We will conduct a survey of digital finance users—active and dormant— across Nigeria. The survey will cover active and dormant users of electronic payments products, mobile banking products, agent banking, and digital credit. Users of these products will be queried on key consumer protection topics including: Pricing transparency; Fraud; Experiences at agent locations; Complaints handling and redress. We will also leverage this existing survey to provide governments and organizations responding to the COVID crisis information about the financial impacts of the pandemic by measuring recent changes in financial resiliency, use of mobile money and phone-based loans, and instances of digital fraud.
- Extra or unclear fees and charges were experienced by consumers across the different DFS products and channels. This signals there may be common challenges of extra or hidden fees, and/or consumers not understanding fully the terms of the products they use in DFS.
- Review of digital interfaces and improved standards on digital disclosure of product terms and charges could help address hidden fees.
Particular attention should be paid to experiences with agents, as there are indications of extra fees being applied. Addressing these charges could likely take three approaches:
- Improved monitoring and enforcement of fee structures.
- Revised incentive and commission structures where they may lead to extra charges and fees.
- Greater consumer awareness of official fees and encouragement to resist paying extra charges or switching of agents used—agent proximity appears a strong driver in choice of agents.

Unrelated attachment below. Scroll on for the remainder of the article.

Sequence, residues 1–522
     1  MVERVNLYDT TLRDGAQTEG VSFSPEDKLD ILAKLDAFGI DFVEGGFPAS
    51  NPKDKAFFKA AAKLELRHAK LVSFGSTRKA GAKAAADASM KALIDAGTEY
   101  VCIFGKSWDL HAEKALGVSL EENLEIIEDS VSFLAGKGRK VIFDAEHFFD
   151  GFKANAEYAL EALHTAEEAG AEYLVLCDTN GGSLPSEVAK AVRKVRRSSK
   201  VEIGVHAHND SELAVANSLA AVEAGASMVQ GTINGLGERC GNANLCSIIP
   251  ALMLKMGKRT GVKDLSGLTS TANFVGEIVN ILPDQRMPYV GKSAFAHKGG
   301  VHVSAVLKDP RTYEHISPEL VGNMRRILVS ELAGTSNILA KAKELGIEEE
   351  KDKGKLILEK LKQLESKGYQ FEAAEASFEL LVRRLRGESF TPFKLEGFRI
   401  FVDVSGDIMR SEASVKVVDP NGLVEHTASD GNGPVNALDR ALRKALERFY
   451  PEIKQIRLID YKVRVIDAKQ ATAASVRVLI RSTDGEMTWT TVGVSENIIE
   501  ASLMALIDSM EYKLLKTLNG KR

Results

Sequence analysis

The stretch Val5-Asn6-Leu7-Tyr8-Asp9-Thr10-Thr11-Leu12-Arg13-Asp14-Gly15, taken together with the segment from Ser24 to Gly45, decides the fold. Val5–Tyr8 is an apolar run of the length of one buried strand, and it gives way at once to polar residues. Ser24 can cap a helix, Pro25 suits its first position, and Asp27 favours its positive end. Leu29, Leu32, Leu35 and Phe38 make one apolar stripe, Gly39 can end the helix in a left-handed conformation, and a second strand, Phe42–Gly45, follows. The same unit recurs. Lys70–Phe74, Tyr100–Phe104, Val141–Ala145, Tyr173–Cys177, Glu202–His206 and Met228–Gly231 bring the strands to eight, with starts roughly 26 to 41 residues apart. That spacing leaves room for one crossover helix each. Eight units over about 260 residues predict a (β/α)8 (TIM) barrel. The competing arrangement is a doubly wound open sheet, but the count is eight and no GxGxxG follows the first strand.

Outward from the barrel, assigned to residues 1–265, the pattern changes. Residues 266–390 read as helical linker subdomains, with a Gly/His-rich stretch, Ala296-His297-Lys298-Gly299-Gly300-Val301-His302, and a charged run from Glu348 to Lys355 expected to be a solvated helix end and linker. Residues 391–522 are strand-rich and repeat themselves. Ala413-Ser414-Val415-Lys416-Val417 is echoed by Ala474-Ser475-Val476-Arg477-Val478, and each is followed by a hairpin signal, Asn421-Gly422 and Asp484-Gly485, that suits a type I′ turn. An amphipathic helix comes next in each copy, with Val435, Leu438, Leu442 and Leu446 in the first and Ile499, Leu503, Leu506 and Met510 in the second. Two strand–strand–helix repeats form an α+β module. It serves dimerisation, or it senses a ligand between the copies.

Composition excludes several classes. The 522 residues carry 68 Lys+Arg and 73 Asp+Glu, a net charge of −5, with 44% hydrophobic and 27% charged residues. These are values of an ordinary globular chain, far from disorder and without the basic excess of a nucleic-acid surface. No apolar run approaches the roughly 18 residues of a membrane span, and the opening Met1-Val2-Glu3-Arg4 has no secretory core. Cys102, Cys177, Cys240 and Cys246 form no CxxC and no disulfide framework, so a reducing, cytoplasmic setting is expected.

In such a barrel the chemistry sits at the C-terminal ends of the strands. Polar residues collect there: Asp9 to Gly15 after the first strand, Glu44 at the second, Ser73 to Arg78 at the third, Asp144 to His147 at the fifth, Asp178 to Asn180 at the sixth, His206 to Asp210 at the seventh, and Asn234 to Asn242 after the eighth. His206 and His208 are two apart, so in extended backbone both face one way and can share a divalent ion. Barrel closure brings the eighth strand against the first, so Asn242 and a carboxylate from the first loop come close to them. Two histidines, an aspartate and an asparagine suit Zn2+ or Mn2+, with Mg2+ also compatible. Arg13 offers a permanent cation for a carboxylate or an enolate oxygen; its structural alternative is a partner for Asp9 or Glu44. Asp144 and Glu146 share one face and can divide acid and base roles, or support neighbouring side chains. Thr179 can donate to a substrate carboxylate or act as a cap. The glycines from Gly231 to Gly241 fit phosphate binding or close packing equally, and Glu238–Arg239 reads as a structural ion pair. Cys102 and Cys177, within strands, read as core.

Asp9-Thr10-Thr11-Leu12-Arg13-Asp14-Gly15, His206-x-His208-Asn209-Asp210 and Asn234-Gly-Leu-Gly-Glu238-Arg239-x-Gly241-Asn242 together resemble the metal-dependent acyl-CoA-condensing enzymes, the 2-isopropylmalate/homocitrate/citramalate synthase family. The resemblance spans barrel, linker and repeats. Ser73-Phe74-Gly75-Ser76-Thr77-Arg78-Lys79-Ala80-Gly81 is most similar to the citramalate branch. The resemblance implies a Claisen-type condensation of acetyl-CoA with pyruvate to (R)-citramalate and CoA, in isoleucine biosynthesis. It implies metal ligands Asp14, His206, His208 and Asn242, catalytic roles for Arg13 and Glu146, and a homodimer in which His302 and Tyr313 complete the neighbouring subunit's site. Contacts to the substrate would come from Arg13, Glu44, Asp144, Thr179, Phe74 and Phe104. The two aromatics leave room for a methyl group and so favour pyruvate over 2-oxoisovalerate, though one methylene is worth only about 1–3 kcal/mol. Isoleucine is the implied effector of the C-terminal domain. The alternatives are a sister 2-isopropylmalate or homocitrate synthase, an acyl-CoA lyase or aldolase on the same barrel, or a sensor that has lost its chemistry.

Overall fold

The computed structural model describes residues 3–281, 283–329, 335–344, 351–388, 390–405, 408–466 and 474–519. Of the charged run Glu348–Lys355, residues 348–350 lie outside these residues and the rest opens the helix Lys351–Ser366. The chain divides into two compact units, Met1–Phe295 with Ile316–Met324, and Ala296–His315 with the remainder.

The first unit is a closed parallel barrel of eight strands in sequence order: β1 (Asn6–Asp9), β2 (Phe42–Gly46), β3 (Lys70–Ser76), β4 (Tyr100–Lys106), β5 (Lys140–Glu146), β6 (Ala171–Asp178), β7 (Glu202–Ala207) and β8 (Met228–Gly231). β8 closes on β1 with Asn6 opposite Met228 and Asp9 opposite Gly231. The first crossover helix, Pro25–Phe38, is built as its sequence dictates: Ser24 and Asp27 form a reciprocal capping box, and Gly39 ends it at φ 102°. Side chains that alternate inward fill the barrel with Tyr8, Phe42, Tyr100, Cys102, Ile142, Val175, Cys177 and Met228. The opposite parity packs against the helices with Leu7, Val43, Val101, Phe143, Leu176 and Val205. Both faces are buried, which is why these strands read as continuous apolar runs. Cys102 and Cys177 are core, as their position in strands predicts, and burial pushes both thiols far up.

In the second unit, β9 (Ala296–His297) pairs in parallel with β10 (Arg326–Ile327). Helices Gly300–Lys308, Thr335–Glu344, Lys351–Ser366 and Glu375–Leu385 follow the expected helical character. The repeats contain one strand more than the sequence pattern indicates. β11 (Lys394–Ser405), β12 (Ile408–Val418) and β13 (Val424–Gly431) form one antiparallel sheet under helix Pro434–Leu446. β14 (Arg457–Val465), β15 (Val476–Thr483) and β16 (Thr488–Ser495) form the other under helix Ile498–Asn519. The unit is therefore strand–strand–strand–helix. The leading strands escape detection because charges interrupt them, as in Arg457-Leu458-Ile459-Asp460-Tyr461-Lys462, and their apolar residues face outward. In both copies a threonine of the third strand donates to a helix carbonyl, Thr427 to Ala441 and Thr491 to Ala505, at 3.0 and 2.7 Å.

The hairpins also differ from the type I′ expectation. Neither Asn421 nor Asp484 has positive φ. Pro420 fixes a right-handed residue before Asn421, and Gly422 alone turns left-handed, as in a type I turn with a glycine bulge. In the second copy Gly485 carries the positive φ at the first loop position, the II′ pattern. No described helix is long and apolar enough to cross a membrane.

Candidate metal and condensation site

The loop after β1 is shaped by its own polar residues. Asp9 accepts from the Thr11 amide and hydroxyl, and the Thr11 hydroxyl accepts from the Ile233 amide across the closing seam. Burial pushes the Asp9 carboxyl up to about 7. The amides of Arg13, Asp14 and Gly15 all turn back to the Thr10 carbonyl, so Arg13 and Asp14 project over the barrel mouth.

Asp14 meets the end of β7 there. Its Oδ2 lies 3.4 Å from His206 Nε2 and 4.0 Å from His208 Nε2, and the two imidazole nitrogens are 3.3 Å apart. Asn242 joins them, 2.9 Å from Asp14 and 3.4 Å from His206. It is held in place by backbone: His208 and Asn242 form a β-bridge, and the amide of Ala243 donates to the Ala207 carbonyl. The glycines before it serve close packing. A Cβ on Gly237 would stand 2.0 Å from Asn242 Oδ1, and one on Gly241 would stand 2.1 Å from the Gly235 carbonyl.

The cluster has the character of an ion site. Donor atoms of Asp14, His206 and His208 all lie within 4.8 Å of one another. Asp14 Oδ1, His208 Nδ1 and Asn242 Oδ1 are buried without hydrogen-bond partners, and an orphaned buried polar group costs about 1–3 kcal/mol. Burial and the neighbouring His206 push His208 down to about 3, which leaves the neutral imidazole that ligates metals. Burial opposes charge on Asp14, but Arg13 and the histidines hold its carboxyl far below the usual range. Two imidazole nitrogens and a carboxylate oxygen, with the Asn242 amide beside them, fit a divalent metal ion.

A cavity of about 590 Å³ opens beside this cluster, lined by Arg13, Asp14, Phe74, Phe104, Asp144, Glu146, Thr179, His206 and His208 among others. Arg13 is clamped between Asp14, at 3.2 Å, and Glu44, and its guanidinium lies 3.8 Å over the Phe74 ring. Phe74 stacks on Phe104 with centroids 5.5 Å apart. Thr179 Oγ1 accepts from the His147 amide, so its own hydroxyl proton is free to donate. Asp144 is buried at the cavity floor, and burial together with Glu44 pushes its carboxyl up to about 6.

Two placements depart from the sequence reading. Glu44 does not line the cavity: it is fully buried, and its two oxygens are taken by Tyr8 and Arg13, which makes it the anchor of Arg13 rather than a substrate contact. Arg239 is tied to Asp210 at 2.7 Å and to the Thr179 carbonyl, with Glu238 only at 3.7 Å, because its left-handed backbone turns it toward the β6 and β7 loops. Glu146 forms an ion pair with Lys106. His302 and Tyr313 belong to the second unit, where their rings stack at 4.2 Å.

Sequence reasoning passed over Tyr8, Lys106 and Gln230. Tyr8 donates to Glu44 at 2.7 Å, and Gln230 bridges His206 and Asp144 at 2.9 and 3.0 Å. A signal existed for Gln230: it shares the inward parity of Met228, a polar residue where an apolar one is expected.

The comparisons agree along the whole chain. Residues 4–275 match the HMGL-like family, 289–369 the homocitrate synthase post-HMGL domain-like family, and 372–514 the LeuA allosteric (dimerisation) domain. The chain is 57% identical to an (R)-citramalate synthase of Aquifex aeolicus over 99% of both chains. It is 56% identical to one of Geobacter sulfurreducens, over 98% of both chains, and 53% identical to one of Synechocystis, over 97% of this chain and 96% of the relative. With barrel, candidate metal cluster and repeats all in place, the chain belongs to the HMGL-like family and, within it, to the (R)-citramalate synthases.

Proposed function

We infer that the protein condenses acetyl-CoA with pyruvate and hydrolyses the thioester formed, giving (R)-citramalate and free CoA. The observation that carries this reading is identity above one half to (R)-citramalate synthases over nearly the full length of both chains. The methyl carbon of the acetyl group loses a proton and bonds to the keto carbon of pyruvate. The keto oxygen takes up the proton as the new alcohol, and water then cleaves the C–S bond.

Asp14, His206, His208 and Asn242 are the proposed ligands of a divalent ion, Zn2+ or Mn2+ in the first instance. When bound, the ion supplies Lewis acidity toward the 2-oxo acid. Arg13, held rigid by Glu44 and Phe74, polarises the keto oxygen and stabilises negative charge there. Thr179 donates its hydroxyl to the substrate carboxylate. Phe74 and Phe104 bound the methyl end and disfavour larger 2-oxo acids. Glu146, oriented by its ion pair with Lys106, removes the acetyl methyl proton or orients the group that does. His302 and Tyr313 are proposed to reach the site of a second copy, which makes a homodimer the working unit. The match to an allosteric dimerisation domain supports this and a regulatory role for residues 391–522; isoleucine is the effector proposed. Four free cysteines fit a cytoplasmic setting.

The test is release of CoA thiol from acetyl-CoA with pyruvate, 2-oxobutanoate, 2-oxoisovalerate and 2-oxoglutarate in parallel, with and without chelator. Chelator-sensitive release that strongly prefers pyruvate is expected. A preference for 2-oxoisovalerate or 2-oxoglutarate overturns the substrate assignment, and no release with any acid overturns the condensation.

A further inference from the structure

There is less likelihood for lower-income and lower-education consumers to use formal redress channels when problems arise. This raises concerns about consumers’ sense of agency, and equal use of rights to redress across Nigeria’s DFS population.
- More research is needed to understand the causes of these discrepancies.
- Once causes are identified, possible solutions could be tested to increase use of formal redress channels by under-represented populations.
- Even when issues relate to digital products, consumers default to in-person resolution channels. However, these channels do not appear to be substantially more effective than remote channels like call centers. Is this an inefficiency that could be improved upon to reduce in-person complaints traffic?
- Poor redress impacts usage. One-third of those with unresolved challenges reduced or shifted their DFS usage as a result. Poor redress is a risk to inclusion and DFS growth and so improving resolution rates should be a priority for the entire DFS sector.
- Fraud and phishing attempts primarily focus on obtaining account or personal information.
- 13% of those targeted responded to a scam, and one-third of those followed the scammers instructions. This raises concerns about consumer susceptibility to scams. Industry and regulators could test targeted interventions to the most susceptible populations to see if this can reduce success rates of fraudsters.
- 51% of respondents have experienced attempted scams or fraud since COVID-19 began.
- For both mobile money and mobile banking, cost was not a leading factor for choice of provider.
- Provider reputation and linkage to existing mobile or bank accounts are leading factors in mobile money and mobile banking, while proximity is key factor for agents.
- Lack of importance of price and the linkages of DFS choice to existing services raise concerns for consumer switching and price-based competition.